where there are reliable hospitals with real facilites capable of providing qualitative health care to the citizenry: fit enough to put the eyes of Mr. President off medical check-ups in Israel.

The Nigeria of my dream;
where muslims and christians live together in unity: where there is harmony between the over two hundred and fifty ethnic groups

The Nigeria of my dream
where Legislators work on part-time such that the cost of running government is at its barest minimum.

The Nigeria of my dream
where House of Representatives Members, Governors, House of Assembly Members and Local Government Chairmen do not hesitate to attend monthly town hall meetings for the sake of rendering account of their stewardship to poor masses who voted them into power.

The Nigeria of my dream
where water flows even in the remotest part of our towns: Where health services are fantastic, where there is electricity and water runs from the taps.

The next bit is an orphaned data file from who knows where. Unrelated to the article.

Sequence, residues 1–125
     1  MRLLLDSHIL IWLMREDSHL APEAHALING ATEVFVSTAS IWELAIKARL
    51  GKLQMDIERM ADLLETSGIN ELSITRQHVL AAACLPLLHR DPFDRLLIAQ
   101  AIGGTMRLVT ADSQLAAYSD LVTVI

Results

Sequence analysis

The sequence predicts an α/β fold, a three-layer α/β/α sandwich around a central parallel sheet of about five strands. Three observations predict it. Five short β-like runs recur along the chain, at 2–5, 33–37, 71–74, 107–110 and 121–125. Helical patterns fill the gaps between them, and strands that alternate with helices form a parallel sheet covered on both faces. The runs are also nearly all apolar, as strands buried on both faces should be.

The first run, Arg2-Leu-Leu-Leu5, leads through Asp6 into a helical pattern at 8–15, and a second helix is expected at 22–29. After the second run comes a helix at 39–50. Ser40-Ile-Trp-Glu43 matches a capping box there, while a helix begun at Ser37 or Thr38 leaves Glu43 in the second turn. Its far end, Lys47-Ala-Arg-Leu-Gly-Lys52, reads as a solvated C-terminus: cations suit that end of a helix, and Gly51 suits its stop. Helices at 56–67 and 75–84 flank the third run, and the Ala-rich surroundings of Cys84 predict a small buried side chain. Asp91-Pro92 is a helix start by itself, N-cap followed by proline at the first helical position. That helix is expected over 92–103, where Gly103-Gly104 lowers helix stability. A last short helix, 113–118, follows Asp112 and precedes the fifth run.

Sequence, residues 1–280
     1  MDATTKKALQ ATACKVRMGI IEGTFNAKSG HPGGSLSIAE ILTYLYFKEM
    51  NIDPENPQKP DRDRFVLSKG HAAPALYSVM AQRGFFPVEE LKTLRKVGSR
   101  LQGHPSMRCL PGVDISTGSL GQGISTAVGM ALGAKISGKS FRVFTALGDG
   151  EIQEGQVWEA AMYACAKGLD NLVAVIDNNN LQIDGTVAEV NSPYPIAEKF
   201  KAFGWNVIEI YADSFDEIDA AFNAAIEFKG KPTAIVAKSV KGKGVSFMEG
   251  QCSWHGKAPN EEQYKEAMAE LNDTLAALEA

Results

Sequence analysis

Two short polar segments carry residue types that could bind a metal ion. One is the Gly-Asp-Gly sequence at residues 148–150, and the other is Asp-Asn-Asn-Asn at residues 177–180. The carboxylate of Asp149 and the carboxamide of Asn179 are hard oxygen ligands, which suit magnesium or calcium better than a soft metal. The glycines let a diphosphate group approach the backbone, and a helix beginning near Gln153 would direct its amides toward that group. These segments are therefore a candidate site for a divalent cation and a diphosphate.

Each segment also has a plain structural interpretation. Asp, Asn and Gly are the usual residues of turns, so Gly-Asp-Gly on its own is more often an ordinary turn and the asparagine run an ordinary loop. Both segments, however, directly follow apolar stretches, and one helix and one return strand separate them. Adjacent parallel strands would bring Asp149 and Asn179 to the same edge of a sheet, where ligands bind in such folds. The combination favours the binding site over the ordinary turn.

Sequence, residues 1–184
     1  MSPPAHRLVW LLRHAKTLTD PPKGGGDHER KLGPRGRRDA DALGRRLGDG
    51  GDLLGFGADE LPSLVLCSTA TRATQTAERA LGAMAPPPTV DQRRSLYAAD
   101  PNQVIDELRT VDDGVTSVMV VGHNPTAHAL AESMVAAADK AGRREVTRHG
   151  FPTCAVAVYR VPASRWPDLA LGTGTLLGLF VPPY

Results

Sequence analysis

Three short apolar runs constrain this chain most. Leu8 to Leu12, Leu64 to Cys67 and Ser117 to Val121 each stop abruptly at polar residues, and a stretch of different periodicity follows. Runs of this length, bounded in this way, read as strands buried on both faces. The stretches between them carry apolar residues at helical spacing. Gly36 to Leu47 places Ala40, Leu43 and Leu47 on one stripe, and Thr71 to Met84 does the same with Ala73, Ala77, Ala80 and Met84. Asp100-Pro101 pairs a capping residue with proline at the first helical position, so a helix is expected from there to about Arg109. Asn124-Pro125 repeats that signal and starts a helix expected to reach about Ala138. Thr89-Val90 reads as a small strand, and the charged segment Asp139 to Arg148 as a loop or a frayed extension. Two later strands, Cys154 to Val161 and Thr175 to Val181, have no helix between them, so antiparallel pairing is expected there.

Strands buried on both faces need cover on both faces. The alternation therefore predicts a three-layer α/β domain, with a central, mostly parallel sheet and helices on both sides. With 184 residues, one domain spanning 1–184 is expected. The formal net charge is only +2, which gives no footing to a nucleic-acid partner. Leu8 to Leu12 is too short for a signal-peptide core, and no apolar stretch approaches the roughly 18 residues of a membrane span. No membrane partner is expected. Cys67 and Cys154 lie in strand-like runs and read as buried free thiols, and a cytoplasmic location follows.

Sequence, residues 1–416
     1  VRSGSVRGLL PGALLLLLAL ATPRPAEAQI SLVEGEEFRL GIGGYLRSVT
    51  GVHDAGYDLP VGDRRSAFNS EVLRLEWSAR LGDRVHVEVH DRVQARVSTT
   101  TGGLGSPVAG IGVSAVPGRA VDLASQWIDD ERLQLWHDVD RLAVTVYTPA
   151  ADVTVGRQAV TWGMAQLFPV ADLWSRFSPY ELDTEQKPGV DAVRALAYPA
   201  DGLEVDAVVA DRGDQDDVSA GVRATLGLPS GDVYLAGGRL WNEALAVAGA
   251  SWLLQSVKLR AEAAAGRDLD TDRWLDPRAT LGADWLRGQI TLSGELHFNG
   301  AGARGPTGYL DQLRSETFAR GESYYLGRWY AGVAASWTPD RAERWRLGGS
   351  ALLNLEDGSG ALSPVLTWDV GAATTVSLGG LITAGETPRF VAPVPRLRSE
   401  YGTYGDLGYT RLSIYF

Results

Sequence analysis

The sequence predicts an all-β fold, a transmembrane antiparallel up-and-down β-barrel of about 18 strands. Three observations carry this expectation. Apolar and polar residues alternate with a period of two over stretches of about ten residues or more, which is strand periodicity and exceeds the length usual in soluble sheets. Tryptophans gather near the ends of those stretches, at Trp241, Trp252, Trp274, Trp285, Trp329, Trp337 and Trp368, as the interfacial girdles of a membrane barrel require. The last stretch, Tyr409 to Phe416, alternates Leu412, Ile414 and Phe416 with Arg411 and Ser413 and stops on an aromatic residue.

The Nigeria of my dream
where admission to institutions of higher learning is based on merit, not man-know-man.

The Nigeria of my dream
where Universities meet International standard and the least of such rank 25th in world university rankings.

The Nigeria of my dream
where the police on patrol will stop your car, ask for your papers, check it, greet you politely and wish you well.
where the police officer corrects you in love without begging for N20

The Nigeria of my dream
where the dollar sells for N30 and her citizens have little or no need travelling to the white man’s land.

The Nigeria of my dream
where air flights are relatively cheap such that people seldom travel by road and train

The Nigeria of my dream
where thiefing and looting political office holders are publicly executed: where fraudulent contractors are jailed without permutation and combination: where stealing from public coffers is neither fashionable nor attractive

The Nigeria of my dream
where Ikogosi warm spring, Olumo rock and Yankari games reserve are tourist’s havens for foreign nationals; where Jos is like small London and Suleja is devoid of boko haram

The Nigeria of my dream
where the soccer team ranks fifth in FIFA rankings and 1st in Africa

The Nigeria of my dream
where there is a functional social security system